Definition of conjure in English:
- Nowadays you might expect to hear of ‘animal spirits’ in shamanic ritual, conjuring the spirit of the bear.
- As Osa dancers perform a stick dance meant to conjure up the spirits of their ancestors, organizers say the festive season is not a denouncement of Western Christian values.
- Using 200-year-old legislation, he was convicted of pretending to conjure up spirits.
- Each face is conjured from eloquent pencil lines and blurs of paint against a virginal white swath of satin, hung vertically like an iconic banner.
- Although I broke the law, a mountain was conjured up from a molehill.
- And is Canada at risk of not getting any of the great new products being conjured up in the US labs?
- This is just a figment of the imagination of weak minds that conjure up images to provide solace when they cannot handle reality, she continued.
- When his mind chose to conjure up images, it presented every possible situation he could ever hate.
- Now mention a trip to Cyprus to a young footballer and immediately certain images are conjured in their minds.
- The very word conjures a mental menagerie of grotesque caricatures.
- Most would agree that in the English-speaking world, this word conjures disgust and contempt.
- Instead, the words conjure up unpleasant memories of mom's experimental eggplant lasagna and certain rubber-like meat substitutes.
- By the ministry of a faithful eunuch she transmitted to him a ring, the pledge of her affection, and earnestly conjured him to claim her as a lawful spouse to whom he had been secretly betrothed.
- She is conjured into being by Myrtle herself, by sympathetic magic, but once in the dramatic arena cannot be easily controlled or quelled; her spirit magic wreaks havoc.
- The audience gets a first-person view of a victim in the throes of death, with a full-screen view of her fading face as she conjures the victim to ‘stay with me.’
Middle English (also in the sense 'oblige by oath'): from Old French conjurer 'to plot or exorcise', from Latin conjurare 'band together by an oath, conspire' (in medieval Latin 'invoke'), from con- 'together' + jurare 'swear'.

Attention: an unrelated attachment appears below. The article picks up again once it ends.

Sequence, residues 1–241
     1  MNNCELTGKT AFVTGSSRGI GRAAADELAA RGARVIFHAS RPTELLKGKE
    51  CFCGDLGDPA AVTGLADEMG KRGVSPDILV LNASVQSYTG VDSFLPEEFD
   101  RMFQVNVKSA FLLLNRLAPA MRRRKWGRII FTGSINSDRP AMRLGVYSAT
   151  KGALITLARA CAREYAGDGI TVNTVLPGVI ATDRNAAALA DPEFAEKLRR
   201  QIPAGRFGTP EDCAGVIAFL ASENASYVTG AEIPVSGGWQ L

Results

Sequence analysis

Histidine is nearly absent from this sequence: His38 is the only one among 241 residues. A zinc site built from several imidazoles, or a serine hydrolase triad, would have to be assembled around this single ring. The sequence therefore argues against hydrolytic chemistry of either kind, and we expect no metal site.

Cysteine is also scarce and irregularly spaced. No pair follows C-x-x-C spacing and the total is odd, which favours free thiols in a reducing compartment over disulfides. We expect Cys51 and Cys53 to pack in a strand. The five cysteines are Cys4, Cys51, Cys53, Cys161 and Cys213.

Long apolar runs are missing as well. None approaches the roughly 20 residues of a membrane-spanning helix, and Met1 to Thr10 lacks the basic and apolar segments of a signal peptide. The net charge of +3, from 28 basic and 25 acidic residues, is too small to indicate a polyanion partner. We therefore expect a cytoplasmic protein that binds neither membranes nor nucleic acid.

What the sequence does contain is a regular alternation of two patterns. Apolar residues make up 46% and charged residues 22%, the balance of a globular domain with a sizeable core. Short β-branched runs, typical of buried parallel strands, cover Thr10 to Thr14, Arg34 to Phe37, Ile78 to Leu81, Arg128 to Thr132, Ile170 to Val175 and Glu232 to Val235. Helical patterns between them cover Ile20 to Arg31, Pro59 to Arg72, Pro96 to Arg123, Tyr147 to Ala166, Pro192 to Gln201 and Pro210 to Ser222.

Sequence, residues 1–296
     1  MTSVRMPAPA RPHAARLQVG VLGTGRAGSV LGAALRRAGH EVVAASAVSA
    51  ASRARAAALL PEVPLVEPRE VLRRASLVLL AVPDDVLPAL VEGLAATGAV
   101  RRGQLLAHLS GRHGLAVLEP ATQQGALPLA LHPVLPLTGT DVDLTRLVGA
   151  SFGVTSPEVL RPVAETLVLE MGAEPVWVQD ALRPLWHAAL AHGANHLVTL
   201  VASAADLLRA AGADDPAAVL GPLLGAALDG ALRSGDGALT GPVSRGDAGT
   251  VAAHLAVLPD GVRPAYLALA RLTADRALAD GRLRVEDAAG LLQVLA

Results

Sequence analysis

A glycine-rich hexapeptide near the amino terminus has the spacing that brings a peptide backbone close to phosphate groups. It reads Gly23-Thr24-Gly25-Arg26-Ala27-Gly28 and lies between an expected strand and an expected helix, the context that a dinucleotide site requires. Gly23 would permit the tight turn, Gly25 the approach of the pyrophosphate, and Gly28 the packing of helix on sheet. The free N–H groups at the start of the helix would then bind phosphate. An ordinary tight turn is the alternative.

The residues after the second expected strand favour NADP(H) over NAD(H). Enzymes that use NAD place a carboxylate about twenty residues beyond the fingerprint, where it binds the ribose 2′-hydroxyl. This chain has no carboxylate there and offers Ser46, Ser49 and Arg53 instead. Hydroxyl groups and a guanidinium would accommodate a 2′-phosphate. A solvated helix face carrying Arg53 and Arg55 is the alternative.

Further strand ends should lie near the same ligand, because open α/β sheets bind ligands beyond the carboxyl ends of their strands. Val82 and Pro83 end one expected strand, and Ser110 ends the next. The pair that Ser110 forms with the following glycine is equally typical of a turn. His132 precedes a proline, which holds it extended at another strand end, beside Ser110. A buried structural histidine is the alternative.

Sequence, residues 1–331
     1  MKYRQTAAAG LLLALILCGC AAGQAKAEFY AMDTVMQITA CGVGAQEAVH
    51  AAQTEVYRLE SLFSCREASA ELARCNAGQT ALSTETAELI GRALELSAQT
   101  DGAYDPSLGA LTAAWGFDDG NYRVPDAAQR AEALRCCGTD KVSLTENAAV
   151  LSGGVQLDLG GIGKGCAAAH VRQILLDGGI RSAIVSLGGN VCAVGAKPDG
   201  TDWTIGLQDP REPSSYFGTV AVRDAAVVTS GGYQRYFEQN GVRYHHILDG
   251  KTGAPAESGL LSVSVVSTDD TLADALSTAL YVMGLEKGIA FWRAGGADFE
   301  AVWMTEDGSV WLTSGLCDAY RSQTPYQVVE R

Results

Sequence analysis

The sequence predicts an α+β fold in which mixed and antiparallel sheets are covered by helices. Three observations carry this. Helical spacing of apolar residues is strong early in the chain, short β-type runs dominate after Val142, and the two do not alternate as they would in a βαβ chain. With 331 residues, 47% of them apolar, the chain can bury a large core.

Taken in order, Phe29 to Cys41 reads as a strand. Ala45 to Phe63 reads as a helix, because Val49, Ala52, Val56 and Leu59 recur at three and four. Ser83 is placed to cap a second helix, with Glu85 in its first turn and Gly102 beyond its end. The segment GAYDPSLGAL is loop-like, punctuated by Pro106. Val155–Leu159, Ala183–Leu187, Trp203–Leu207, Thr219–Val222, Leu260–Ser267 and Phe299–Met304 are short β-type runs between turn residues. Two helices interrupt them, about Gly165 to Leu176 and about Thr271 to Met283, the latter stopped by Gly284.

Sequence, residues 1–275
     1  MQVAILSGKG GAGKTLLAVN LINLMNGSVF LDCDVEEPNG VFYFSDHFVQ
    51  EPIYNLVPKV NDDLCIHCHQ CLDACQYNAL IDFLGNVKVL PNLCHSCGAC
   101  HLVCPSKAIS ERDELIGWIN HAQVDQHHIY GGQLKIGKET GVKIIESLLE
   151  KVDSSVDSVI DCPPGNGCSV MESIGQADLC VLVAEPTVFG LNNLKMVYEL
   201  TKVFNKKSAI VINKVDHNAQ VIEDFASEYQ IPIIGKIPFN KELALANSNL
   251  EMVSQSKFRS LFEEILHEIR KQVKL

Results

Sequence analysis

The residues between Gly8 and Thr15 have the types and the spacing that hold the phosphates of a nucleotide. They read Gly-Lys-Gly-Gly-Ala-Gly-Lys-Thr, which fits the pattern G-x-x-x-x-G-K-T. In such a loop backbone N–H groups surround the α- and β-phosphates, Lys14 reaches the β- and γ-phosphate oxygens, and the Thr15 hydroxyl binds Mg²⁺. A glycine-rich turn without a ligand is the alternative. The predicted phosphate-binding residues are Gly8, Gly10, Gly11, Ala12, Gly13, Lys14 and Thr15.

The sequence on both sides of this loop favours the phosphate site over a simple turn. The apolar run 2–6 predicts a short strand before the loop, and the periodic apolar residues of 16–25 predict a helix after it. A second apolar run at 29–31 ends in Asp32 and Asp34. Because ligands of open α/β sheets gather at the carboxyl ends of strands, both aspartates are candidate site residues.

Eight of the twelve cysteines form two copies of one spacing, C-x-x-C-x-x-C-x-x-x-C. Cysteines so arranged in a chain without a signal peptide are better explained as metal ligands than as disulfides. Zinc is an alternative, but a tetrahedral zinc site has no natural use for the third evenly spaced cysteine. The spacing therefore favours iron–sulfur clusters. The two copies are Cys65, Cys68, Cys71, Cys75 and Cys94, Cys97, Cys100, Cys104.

The earliest meanings of conjure were ‘to call on in the name of some divine or supernatural being’ and ‘to appeal solemnly to, entreat’—the -jure bit of the word is from Latin jurare ‘to swear’, which gave us words such as jury. A more familiar early meaning was ‘to call on a supernatural being to appear by means of a magic ritual’, from which the sense ‘to make something appear as if by magic’ developed. A name to conjure with comes from the idea of someone summoning the spirit of an influential or powerful person by saying their name out loud.
a name to conjure with
- Used to indicate that a particular person is very important or well regarded: on the merger scene his is a name to conjure withMore example sentences
- I used to live there for four years and when I moved to Brighton last year couldn't bring myself to sever all ties with the place - not only has it a name to conjure with, but its a lovely area too.
- No matter how many super-yachts tie up in its old port, or how many visitors swarm through its narrow streets and along its cafe-crowded quays, St Tropez is still a name to conjure with.
- It had, of course, always been a name to conjure with.
Words that rhyme with conjureabjure, adjure, allure, amour, assure, Bahawalpur, boor, Borobudur, Cavour, coiffure, couture, cure, dastur, de nos jours, doublure, dour, embouchure, endure, ensure, enure, gravure, immature, immure, impure, inure, Jaipur, Koh-i-noor, Kultur, liqueur, lure, manure, moor, Moore, Muir, mure, Nagpur, Namur, obscure, parkour, photogravure, plat du jour, Pompadour, procure, pure, rotogravure, Ruhr, Saussure, secure, simon-pure, spoor, Stour, sure, tour, Tours, velour, Yom Kippur, you're • blunger, expunger, plunger, sponger
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